In November 2010, the National Asset Management Agency (NAMA) moved to appoint Declan Taite of RSM Farrell Grant Sparks as receiver to Michael McNamara & Co. Mr Taite was appointed statutory receiver after NAMA rejected the company’s business plan.
Eight months earlier, in an interview, Mr McNamara admitted he was broke — this month, it was reported the Co Clare man, whose companies have debts of €1.5bn, sold his home on Dublin’s Ailesbury Road.
After being appointed receiver, Mr Taite shut down the company’s sites and laid off half of its 110 staff.
A receiver’s extract lodged with the Companies Office, shows €3.15m was realised from the sale of assets along with €472,497 secured through tax refunds and rebates.
It is the first receiver’s extract lodged concerning the company and it covers the period from November 12 2010 to May 11 of this year.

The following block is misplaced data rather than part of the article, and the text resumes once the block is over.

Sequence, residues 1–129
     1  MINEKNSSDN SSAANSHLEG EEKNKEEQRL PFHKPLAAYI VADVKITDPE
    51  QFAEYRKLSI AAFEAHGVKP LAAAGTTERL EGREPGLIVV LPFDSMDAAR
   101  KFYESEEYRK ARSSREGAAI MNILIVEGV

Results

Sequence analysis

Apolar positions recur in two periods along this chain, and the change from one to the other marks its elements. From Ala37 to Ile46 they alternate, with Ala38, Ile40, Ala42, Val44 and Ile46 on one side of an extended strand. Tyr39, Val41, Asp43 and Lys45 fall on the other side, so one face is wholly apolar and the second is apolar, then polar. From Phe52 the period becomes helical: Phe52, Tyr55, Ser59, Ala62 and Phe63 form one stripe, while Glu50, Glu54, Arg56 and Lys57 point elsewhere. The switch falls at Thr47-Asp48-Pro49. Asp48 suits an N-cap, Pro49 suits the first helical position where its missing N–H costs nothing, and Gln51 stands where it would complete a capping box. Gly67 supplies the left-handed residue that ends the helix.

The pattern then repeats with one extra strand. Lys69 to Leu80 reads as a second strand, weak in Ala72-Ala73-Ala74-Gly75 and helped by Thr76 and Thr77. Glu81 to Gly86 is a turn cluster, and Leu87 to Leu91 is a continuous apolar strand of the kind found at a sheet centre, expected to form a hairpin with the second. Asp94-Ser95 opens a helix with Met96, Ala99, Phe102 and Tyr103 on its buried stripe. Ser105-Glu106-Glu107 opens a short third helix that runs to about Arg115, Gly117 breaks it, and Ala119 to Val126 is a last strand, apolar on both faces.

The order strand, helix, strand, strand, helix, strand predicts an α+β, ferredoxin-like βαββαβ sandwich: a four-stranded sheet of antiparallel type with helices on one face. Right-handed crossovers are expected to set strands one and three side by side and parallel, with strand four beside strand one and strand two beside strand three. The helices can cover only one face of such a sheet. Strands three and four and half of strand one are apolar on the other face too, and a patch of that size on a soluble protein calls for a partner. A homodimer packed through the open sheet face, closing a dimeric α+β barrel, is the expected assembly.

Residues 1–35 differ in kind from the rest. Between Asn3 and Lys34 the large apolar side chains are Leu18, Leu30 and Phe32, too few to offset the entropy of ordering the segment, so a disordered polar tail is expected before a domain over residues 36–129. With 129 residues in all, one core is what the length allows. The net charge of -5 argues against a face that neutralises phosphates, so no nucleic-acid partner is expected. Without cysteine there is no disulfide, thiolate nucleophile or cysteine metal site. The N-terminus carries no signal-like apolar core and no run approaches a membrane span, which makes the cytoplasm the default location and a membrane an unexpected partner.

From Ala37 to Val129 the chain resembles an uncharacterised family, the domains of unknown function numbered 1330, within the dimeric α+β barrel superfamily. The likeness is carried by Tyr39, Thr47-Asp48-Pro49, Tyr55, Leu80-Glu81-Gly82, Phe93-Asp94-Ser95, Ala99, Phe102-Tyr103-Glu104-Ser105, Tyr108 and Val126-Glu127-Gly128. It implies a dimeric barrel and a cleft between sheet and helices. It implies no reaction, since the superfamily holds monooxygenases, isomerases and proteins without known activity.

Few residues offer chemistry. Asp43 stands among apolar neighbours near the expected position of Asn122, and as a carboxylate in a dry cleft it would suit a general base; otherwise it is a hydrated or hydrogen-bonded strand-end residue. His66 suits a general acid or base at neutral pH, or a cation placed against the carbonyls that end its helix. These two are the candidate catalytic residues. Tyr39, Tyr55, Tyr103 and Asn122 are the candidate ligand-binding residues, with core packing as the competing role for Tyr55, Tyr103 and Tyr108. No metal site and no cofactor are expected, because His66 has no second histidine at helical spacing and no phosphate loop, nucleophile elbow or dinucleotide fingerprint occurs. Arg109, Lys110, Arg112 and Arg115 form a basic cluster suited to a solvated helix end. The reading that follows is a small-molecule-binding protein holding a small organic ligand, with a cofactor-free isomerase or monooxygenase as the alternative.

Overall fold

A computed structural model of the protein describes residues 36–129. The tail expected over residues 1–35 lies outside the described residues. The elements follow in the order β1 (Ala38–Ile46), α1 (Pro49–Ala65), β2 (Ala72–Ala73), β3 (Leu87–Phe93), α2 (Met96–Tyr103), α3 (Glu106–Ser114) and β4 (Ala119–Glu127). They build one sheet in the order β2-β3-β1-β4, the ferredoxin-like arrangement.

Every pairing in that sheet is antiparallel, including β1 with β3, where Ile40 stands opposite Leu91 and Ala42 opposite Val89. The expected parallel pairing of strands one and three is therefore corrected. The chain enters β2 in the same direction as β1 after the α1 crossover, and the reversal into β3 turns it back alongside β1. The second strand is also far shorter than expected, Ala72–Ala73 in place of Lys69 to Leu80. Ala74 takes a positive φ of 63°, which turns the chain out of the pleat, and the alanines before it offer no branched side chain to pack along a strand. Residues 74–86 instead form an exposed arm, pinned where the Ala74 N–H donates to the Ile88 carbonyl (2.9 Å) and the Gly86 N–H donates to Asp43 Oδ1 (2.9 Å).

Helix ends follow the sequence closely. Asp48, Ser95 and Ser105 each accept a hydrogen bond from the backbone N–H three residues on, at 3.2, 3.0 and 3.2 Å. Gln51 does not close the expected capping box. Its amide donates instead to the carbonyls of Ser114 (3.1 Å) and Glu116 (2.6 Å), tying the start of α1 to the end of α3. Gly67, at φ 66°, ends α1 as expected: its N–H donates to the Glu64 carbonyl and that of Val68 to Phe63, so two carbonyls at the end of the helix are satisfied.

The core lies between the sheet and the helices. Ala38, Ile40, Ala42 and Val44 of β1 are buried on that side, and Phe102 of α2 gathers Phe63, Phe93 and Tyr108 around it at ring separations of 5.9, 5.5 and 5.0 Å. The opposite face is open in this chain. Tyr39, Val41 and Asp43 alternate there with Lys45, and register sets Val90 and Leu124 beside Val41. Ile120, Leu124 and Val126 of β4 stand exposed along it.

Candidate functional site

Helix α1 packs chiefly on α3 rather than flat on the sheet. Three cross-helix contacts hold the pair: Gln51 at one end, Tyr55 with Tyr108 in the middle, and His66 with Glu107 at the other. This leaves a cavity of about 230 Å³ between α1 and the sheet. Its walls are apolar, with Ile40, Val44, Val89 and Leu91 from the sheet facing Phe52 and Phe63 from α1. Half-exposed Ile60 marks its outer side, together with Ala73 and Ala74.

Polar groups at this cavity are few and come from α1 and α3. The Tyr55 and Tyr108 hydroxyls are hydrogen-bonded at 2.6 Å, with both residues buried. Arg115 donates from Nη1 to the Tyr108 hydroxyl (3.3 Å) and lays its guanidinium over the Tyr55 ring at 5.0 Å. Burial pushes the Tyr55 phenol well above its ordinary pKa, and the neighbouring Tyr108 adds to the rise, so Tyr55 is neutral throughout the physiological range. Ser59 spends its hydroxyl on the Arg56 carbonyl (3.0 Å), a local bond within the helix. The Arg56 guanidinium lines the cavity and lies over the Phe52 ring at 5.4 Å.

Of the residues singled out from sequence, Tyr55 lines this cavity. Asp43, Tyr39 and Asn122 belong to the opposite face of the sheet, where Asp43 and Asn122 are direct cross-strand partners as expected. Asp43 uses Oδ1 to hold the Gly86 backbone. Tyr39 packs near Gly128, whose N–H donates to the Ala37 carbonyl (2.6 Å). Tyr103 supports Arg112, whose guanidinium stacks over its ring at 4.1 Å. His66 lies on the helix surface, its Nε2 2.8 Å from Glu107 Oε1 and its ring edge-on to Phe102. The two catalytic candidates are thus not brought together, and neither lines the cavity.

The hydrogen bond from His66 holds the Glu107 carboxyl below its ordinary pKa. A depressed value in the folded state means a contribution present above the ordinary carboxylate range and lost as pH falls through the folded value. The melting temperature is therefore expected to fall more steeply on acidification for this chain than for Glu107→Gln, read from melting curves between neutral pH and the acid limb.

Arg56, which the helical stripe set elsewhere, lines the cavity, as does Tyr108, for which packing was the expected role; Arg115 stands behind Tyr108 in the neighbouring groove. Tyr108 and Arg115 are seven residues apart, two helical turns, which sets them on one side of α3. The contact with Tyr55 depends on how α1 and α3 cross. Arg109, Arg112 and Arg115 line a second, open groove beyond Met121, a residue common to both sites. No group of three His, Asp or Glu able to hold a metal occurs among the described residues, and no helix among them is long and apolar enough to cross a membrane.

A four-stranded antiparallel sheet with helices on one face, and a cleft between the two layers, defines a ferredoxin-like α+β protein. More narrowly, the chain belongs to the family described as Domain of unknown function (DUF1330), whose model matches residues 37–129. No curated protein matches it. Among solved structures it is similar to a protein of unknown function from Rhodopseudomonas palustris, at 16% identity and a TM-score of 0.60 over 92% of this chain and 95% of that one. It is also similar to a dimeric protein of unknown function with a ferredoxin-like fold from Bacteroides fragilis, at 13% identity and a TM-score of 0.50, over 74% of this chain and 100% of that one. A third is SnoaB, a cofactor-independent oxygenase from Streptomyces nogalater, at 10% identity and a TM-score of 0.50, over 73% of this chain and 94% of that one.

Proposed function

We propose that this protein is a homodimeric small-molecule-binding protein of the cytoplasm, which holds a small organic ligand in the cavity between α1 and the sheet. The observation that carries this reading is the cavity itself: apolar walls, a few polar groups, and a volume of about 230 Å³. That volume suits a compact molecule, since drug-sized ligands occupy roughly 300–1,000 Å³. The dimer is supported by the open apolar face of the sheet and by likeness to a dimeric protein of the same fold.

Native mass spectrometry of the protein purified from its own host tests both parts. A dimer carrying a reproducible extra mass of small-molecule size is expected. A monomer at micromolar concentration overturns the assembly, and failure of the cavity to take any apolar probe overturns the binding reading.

The figures show the costs incurred during the period totalled €1.1m; including staff costs of €650,759; bank fees and settlements of €197,796; ‘other costs’ of €228,881 and €26,734 spent on IT, utilities and sundry.
The funds on hand at the completion date of the form total €1.8m which were contained in two Bank of Ireland accounts. The firm had trade and other debtors totalling €5.1m with €4,038 in cash, plant and machinery totalling €1.4m, with motor vehicles valued at €391,750.
Earlier this year, Mr McNamara exited his vast property empire by resigning from 60 companies.
During the building boom, his companies borrowed hundreds of millions and took shares in hotels including the Shelbourne in Dublin and the Radisson Blu hotel in Galway.
Michael McNamara & Co was established by Mr McNamara’s late father, who began his building career as a craftsman in Lisdoonvarna carrying out repairs and alterations to local buildings for Clare County Council.